Home Video Hovel: Disco and Atomic War, by Patrick Felton
Icarus Films is putting out some of the most fascinating documentary content available for small screens currently. With Disco And Atomic War, the folks at Icarus have found yet another surprising and astonishing story from an alien world. This time, the documentary which premiered at Telluride in the fall of 2009 focuses on the nation of Estonia’s 40 year love affair with Finnish television. Directed by Estonian native Jaak Kilmi chronicles his own experience of watching Finnish television as a child and the impact that programs such as Dallas had on his community.
If this log line seems a little dry some short history may provide context:
In the 1950s Estonia was under control of the Soviet Union and all western radio and television were banned. Through a geographical anomaly, Estonians were suddenly able to receive signals from Finnish broadcast signals in the mid 50s, giving the Estonians a rare peephole through the Iron Curtain. As the Finnish signal began to give Estonians access to more and more Western Programming, the Soviet Union launched a four-decade defense against the likes of cooking shows, discos and Maverick.
While Disco and Atomic War may never be confused for one of the important documents of soviet history, it succeeds wildly as a small, efficient, compact, and ultimately singular way to tell a fascinating story.
The film’s progression alternates between Guy Maddin-esque first person video essay complete with campy reenactments quirky stock footage and serious historical chronology featuring more traditional documentary techniques. The resulting Gestalt is captivating and astonishing. The film often feels like a Rodney Ascher film with its straight-faced silliness matched with implied sincerity, wit, and ambiguous nostalgia.
It’s inevitable that the phrase “lighthearted” follows this film. Because the focus of the documentary is tied with watching 1960s-1980s television, much of the inevitable delight comes from the sillyness of the screen content. Culture jamming for comic effect can often feel forced and reductive.
However, in this case Kilmi has such a personal relationship to the content that the tone is neither cloying nostalgia nor ironic reattribution. Instead the film seems to inhabit another world – somewhere in between – somewhere fresh.
When the film does employ nostalgia, it feels fresh and surreal. Each time the melodic tones of the Finnish Broadcasting Network ding, the audience like the subjects of the film are transported into an enchanting and foreign from our own understanding of cultures. It is as if the viewers are seeing something that we were never supposed to see. We are voyeurs into a strange alternative pop cultural reality mediated by the minds of Finnish Broadcasting.. Its hard not to be fascinated by these alien images of a world that no longer exists.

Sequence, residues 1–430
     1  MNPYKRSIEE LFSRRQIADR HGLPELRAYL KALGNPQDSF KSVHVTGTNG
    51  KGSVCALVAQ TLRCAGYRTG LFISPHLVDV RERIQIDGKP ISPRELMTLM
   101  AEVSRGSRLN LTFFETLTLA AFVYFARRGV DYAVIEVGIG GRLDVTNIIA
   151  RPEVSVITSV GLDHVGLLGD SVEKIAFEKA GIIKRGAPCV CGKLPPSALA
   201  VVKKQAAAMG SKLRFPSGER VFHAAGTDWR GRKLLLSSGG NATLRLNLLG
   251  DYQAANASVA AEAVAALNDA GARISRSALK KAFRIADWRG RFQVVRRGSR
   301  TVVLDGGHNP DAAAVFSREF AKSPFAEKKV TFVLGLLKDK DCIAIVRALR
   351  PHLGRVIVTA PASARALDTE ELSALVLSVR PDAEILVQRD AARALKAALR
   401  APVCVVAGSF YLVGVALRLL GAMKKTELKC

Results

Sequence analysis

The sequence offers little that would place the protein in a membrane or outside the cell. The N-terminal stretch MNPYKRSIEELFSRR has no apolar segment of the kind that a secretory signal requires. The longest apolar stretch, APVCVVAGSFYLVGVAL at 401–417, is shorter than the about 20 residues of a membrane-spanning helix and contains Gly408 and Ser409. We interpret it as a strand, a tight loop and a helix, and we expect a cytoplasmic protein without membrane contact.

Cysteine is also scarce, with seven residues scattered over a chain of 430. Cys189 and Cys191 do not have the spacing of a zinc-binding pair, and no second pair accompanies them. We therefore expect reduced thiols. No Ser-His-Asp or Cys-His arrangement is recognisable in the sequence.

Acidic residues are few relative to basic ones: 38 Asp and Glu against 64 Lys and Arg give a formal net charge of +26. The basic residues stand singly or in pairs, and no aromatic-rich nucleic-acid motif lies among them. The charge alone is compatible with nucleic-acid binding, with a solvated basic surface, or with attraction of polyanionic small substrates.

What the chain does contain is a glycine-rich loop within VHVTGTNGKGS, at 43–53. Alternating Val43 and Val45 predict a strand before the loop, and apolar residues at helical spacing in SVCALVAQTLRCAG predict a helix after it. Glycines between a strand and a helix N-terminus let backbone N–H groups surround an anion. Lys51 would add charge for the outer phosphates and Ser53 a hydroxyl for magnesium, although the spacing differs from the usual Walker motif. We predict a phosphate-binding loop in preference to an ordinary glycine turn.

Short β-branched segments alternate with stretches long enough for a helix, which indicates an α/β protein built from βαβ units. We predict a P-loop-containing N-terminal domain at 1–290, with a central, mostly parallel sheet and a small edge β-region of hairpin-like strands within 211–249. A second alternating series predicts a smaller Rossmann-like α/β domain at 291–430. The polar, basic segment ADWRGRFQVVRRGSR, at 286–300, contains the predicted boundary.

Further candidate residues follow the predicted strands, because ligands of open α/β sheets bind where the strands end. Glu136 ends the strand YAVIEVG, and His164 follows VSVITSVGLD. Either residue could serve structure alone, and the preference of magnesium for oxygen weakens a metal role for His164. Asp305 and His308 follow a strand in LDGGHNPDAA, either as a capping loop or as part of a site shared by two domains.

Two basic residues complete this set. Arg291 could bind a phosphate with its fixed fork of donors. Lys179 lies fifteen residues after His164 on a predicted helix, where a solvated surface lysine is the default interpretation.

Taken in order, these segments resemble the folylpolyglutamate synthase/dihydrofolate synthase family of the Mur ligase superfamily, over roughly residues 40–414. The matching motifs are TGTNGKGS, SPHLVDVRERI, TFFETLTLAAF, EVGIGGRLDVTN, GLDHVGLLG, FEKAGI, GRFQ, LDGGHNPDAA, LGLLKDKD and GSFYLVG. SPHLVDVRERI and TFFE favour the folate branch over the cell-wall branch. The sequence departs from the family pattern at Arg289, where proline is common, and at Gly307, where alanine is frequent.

However, what really sells this film is the story itself. The overarching theme slowly becomes how the stale formality of the communist party is slowly outmatched by the freshness and excitement of western media. Yet ultimately the film isn’t even interested in the big ideas that may have swept through. Its looking at the cast-offs, the strange pieces of maligned schlock that represented the sexiness of Western culture: Sex, Drugs, Disco, Hasselhoff. It is fascinating to think that J.R. Ewing and Knight Rider and the 80s soft-core pornography film Emmanuelle had just as much of a role in thawing the cold war as Star Wars and the Treaty of Gladknost.
Even if the viewer doesn’t accept the premise, the Soviet Union’s struggle to keep up with the Western world’s perceived puncturing of the soviet mentality via Finnish Airwaves makes for surprisingly entertaining cinema. One scene where the Soviet Union deals with the spread of disco across Estonia by planting communist operatives at dance clubs and teaching them party approved soviet disco songs is perverse and often baffling. Another sequence chornicles the soviet operatives comically botched attempts to block Finnish signals from reaching Estonians.
One of the film’s most brilliant moments is setting its climax to the Finnish television premiere of the legendary Swedish pornography Euro-Scholock classic Emmanuelle. The film asserts this premiere as a transformational moment for Estiona, equivalent with the moon landing. Narratives of homemade thermometer antennas, entire boy scout troupes sneaking a look at the film after their leader went to bed are reenacted with a strange sense of shared triumph for the Estonian people.
If a criticism was to be mounted on the film, it would be that director Jaak Kilmi does not have enough distance from the subject matter and thus overindulges in his own personal relationship with Finnish television. With a story as specific as this one, its hard to fault him for this, as Kilmi proves quite the raconteur. He’s telling the story he wants to tell, and lucky for us its riveting, hilarious, and surprisingly touching.